Brown told the ALJ that she spent most of the day at her mother's home. (T. 46-47). She said that although her mother babysits, Brown herself was not taking care of the children. (T. 59). Instead, she testified that she helped the children color, and took them for walks. (T. 46). Plaintiff testified that she cooked for herself, and cared for her own household, but needed her father's help in doing the laundry - he carried the basket for her. (Id.).
Brown also told the ALJ that although she went to bed at about eleven o'clock, she usually did not fall asleep until three o'clock in the morning. (T. 58). She said: "I hear voices. It's hard to sleep when this earlobe's talking and this earlobe's talking to you, you know?" (T. 58).
Brown tried to explain what was wrong with her and testified that "like I said, the most basic thing about me is my emotional troubles dealing with the schizophrenia. It seems like every job I get on, I just blow up, I - you know, my feelings are hurt very, very easily." (T. 59).
A. The Standard of Review
The issue to be determined by this Court is whether the ALJ's decision that plaintiff was not under a disability is supported by substantial evidence. See 42 U.S.C. § 405(g); Rivera v. Sullivan, 923 F.2d 964, 967 (2d Cir.1991). Substantial evidence is defined as "more than a mere scintilla. It means such relevant evidence as a reasonable mind might accept as adequate to support a conclusion." Richardson v. Perales, 402 U.S. 389, 401, 91 S. Ct. 1420, 1427, 28 L. Ed. 2d 842 (1971) (quoting Consolidated Edison Co. v. National Labor Relations Bd., 305 U.S. 197, 229, 59 S. Ct. 206, 216-17, 83 L. Ed. 126 (1938)). Thus, the determination of the Commissioner is conclusive as long as it is supported by substantial evidence and is not based on legal error. Arnone v. Bowen, 882 F.2d 34, 37 (2d Cir.1989) (citations omitted).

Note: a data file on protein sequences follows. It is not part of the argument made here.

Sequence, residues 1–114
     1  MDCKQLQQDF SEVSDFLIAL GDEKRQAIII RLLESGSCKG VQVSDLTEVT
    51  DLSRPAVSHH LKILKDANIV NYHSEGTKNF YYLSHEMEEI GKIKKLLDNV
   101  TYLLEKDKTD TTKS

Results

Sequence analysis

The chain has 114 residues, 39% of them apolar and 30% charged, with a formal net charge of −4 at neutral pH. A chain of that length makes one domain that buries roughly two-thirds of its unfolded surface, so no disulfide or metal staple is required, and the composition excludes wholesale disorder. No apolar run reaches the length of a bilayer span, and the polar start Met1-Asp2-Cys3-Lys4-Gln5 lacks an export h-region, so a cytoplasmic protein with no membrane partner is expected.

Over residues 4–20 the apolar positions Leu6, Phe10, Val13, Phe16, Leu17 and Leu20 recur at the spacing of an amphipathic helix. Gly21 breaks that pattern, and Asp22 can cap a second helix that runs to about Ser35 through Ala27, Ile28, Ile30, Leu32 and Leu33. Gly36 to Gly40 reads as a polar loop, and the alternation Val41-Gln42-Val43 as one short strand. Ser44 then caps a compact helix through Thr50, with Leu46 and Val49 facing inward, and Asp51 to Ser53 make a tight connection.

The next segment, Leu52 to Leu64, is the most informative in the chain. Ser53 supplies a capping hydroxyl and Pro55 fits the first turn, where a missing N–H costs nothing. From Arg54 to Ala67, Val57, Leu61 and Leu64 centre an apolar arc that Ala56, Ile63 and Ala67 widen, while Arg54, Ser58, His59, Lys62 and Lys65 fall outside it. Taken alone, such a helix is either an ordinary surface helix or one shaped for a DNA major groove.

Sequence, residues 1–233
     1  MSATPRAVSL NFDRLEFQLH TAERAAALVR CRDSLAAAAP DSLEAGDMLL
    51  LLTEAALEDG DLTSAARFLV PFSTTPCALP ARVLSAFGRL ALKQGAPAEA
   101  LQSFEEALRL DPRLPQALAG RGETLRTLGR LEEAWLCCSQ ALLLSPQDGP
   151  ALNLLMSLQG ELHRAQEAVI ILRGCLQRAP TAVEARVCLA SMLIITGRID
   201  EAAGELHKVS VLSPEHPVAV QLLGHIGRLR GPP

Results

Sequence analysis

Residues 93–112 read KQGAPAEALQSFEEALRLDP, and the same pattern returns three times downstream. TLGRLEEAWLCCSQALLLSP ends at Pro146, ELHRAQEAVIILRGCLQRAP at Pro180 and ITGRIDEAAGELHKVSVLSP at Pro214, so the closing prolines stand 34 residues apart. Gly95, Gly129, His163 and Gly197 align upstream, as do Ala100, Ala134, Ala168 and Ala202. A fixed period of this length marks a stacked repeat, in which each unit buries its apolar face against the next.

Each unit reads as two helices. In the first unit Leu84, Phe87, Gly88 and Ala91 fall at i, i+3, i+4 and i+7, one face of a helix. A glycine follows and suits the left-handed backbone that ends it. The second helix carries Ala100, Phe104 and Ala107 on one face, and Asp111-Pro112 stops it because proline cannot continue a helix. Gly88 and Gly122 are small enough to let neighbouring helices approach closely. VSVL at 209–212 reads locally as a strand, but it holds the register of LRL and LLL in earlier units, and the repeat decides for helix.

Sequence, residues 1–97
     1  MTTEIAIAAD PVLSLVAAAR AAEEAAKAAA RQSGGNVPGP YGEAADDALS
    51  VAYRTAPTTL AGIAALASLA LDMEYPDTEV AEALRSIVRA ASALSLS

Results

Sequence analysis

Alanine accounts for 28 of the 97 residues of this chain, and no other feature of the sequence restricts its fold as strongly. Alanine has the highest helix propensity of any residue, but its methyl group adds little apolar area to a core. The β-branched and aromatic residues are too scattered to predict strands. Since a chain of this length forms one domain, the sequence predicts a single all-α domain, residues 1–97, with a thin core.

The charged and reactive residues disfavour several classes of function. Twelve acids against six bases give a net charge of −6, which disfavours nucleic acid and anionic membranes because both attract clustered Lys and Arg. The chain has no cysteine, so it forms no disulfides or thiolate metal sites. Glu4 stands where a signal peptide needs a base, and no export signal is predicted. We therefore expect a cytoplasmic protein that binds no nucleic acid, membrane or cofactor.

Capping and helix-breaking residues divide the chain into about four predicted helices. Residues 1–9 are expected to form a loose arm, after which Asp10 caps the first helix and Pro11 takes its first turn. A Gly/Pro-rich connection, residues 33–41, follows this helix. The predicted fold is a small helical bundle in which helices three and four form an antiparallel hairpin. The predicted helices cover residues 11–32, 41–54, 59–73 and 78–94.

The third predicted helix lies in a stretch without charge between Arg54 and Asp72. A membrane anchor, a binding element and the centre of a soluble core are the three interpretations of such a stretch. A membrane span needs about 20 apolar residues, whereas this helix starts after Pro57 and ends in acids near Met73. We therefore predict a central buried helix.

B. The Standard for Finding a Disability
A person is disabled when he or she is unable "to engage in any substantial gainful activity by reason of any medically determinable physical or mental impairment which can be expected to result in death or which has lasted or can be expected to last for a continuous period of not less than 12 months." 42 U.S.C. § 423(d)(1)(A). Such a disability will be found to exist only if an individual's "physical or mental impairment or impairments are of such severity that he is not only unable to do his previous work but cannot, considering his age, education, and work experience, engage in any other kind of substantial gainful work which exists in the national economy. . . ." 42 U.S.C. § 423(d)(2)(A).